Volume 19, Number 12—December 2013
Bicolored White-toothed Shrews as Reservoir for Borna Disease Virus, Bavaria, Germany
To the Editor: Borna disease (BD) is a fatal neurologic disorder in horses and sheep. The etiologic agent, Borna disease virus (BDV), belongs to the order Mononegavirales, which is composed of many reservoir-bound, highly pathogenic, and zoonotic viruses.
To investigate whether small mammals, especially bicolored white-toothed shrews (Crocidura leucodon), which act as BDV reservoirs in Switzerland (1,2), harbor BDV in disease-endemic areas in Bavaria, Germany, we screened 120 small mammals (53 from the family Cricetidae, 41 from the family Muridae, and 26 from the family Soricidae) (Table). We also determined whether BDV infections in small mammals might have different disease courses and whether shrew-to-horse virus transmission occurs.
The small mammals were captured during pest control efforts in stables in Upper Bavaria and Swabia that had a history of acute equine BD during 1997–2012. These stables also had a high probability for presence of C. leucodon shrews as documented by a recent distribution model (3).
BDV-specific serum antibodies were identified by using an indirect immunofluorescence test and blood samples or thoracic or abdominal effusions as described (4). Antibodies against BDV were found in 8/105 specimens (Table) at serum dilutions ranging from 1:40 for Mus musculus mouse #1008, 1:80 for M. musculus mouse #1014, 1:2,560 for C. leucodon shrew #5063, 1:10,240 for C. leucodon shrew #2001, and 1:20,480 for C. leucodon shrew #5017.
Amplification of viral RNA was conducted by using real-time reverse transcription PCR (RT-PCR) (5) or nested RT-PCR (6) on 119/120 brain samples. In 2/4 BDV-seropositive C. leucodon shrews (#2001 and #5017) BDV RNA was amplified from the brain. The remaining 117 mice and insectivores were negative for BDV RNA, including 6/8 BDV-seropositive animals (Table).
Histologic and immunohistochemical (IHC) analyses for detection of BDV antigen were performed for small mammals that had antibodies against BDV or BDV RNA. In addition, histologic and IHC analyses were used to test 36/112 small mammals negative for BDV (by indirect immunofluorescence test and RT-PCR), including 15/16 C. leucodon shrews from 3 stables (B, C, and E), in which BDV-positive mammals were captured. None of the small mammals showed obvious gross or histologic lesions, even in the brain.
IHC analysis was performed by using monoclonal antibody Bo18 against BDV nucleoprotein (BDV-N) as described (7). The 2/2 C. leucodon shrews (#2001 and #5017) harboring viral RNA had BDV antigen in the central and peripheral nervous system (brain, spinal cord, spinal trigeminal ganglia, and peripheral nerves). Immunostaining of the skin showed evidence of BDV infection, mainly in epidermal keratinocytes and sebaceous glands, as well as in squamous epithelium and connective tissue of the esophagus. In shrew #5017, renal tubuli and glomeruli, as well as nuclei of bronchiolar epithelial cells, had BDV-N. No evidence for viral antigen was found in the other 42/44 small mammals tested.
In situ hybridization was performed by using established protocols (8). Viral genomic RNA and mRNA encoding for the BDV-N gene were found in the brain, spinal cord, ganglia, parotid gland, and sebaceous glands of the skin of 2 shrews positive for BDV by RT-PCR. Thus, BDV antigen and RNA were found in nervous tissue and peripheral organs of 2 C. leucodon shrews, as reported for shrews in Switzerland (1,2).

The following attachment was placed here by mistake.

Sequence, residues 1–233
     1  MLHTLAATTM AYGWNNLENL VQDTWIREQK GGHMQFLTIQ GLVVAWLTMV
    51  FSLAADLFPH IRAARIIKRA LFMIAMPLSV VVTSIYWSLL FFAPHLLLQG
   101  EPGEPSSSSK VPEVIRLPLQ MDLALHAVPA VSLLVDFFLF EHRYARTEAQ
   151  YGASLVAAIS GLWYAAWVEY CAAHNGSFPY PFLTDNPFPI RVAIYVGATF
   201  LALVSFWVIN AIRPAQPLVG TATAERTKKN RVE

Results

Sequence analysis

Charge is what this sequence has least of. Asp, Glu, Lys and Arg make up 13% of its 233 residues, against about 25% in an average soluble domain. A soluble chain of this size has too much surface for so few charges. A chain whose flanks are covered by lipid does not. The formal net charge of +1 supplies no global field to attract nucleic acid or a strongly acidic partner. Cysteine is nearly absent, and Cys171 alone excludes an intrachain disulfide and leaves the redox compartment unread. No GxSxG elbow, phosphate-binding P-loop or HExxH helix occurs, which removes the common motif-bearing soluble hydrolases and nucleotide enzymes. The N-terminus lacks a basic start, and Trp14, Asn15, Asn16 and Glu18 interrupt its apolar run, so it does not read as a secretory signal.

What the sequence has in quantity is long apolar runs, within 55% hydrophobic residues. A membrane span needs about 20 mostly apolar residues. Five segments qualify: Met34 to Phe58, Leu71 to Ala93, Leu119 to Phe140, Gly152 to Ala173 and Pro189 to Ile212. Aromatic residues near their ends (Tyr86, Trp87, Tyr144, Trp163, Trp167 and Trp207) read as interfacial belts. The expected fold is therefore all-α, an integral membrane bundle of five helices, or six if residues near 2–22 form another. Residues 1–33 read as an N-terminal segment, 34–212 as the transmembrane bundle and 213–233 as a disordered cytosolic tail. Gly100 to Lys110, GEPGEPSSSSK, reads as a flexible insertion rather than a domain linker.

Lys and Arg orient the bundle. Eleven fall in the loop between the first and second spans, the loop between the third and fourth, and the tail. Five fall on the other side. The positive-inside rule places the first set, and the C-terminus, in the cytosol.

Viral dissemination into peripheral organs represents a prerequisite for successful viral excretion and transmission to other susceptible species. Simultaneous detection of viral genomic RNA and mRNA can indicate viral replication and transcription in peripheral organs. RNA from brains of the 2 BDV-positive C. leucodon shrews (#2001 and #5017) and from 1 horse that had BD and lived in the same stable as shrew #5017 was sequenced as described (2). Comparison of BDV sequence (GenBank accession no. KF275185) from C. leucodon shrew #5017 with sequence (GenBank accession no. KF275184) from the affected horse showed 100% identity in a 2,150-nt region (nt 17–2161 covering the N, X, and P genes and half of the M gene). Moreover, the BDV sequence showed 98% homology with those of the BDV isolates of the Baden-Wurttemberg and Bavaria II group (9).
The 2 BDV-positive shrews were trapped in April (#2001) and July (#5017) 2012 in different stables in the feeding area for hay (B for #2001) or in the storage area for feed (stable E for #5017), which probably indicates that this food was contaminated with BDV. Viral shedding in shrews might occur from skin, kidney, or gastrointestinal tract, which is similar to shedding by persistently infected, immunotolerant, neonatal Lewis rats (10).
In conclusion, BDV RNA, viral antigen, and serum antibodies against BDV were detected in 2/20 C. leucodon shrews, indicating that this shrew is reservoir of BDV in Bavaria. Whether seropositivity without other evidence of BDV infection indicates different courses of infection in small mammals, as known for horses, is not known and warrants further investigation. The absolute homology of shrew and equine BDV suggests successful interspecies virus transmission. Our study provides reliable evidence that C. leucodon shrews acts as reservoirs for BDV in disease-endemic areas in Bavaria, Germany, argues for a general role of this shrew as a reservoir for mammalian bornaviruses.
We thank R. Ulrich for providing IgG against Suncus sp. shrews and M. Stechele and B. Werner for help and cooperation.
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